blue washed open hutch desk with a vase of coordinated hydrangeas against a blue background
In the main bedroom, the Swedish desk in the Gustavian style is from Finch Hudson, the walls are painted in a custom color by Benjamin Moore, and the artwork is a collection of Hudson River School paintings.
Frank Frances

Art is everywhere, and the abundance of paintings and prints on the double-height walls keeps the home consistently compelling. There’s a Jean-Michel Basquiat print on one wall and a Renaissance-style image by the Haitian artist Fabiola Jean-Louis on another.

A mural covers one side of the main bathroom, with parts of it lining the inside of the medicine cabinet. Like a library of first editions, Bridges’s walls vibrate with works that tell the story of her heritage, her travels, and the friends she’s made along the way. Flapping in the wind on the front of the house is a red, green, and black American flag—a replica of one created by artist David Hammons in 1990 to celebrate the election of David Dinkins, New York City’s first Black mayor. “I proudly fly my flag as a reminder of America’s deeply troubled history and the need for real and meaningful change,” Bridges says.

small bed with green patterned upholstered headboard against a wall also with green highlights and hanging art
The guest bed is upholstered in a fabric by Gastón y Daniela and dressed with a vintage kantha quilt. The antique nightstand is from BK Antiques, the wallcovering is by Adelphi Paper Hangings, and a pair of vintage sconces flank a still-life artwork from Sutter Antiques.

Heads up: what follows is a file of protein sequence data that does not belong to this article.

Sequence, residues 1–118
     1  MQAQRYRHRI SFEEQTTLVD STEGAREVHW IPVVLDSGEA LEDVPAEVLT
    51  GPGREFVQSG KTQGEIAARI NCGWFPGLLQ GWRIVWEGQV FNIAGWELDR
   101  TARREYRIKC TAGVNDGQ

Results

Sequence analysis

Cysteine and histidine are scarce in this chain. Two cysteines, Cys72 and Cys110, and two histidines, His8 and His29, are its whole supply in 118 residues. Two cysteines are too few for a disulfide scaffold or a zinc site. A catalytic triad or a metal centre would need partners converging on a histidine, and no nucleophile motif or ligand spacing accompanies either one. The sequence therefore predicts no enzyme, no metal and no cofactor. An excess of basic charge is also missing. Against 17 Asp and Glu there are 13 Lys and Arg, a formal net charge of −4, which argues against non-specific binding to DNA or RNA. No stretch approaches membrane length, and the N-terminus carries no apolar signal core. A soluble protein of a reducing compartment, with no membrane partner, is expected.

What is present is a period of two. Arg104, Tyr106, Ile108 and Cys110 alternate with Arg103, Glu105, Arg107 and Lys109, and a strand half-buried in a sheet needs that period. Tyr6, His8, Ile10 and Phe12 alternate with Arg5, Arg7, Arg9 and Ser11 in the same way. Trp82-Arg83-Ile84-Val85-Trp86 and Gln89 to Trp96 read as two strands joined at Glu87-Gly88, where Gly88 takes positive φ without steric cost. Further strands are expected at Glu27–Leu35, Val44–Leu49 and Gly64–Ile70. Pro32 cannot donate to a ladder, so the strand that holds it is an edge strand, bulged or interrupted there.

Frank Frances

Throughout the house, there are pops of her signature Harlem Toile de Jouy pattern. Bridges’s iconic design remixes the traditional toile motif of the French countryside with vibrant scenes of African American life. It is most often seen in the form of wallpaper (and frequently has been featured as a backdrop to Gayle King’s Zoom telecasts on CBS), but it also adorns such products as umbrellas, glasses, and clothing. In September, Bridges will launch Harlem Toile on classic Converse sneakers.

gallery staircase with framed art
The gallery walls on the staircase feature Bridges’s collection of African American art, which includes works by Clementine Hunter, Dox Thrash, Calvin Burnett, and Henry Tanner.
Frank Frances

But perhaps the home’s most alluring features are two enormous mobiles that hang in the living and dining area, where Bridges likes to gather with friends around the table and spend long nights in front of the fireplace. “I had mobiles in my childhood bedrooms, then in my college dorms,” she says. “I’ve just always loved them.” The real magic happens when the sun begins to set and the mobiles cast shadows that fall in arcs all around the house.

small guest bathroom with white fixtures and striped wallpaper and art hanging on the wall
In the guest bathroom, the Kohler sink has Waterworks fittings, and the stool is from Ghana; the walls are painted in a custom design by Bridges, and the cat artwork is by Earl Swanigan.
Frank Frances

It’s hard not to notice the smile Bridges wears as she shows visitors around her home; perhaps it can be explained by the joy of being both the hired designer and the satisfied client. “I work on big houses all the time for my clients,” she says. “Elaborate 10,000-square-foot homes all over the country.” But it’s very different to design something for herself. “This is small and simple and open,” she says. “It’s music, it’s art, it’s culture. I just filled it with things I love.”

september 2020 cover of elle decor

Styled by Olga Naiman

This story originally appeared in the September 2020 issue of ELLE Decor. SUBSCRIBE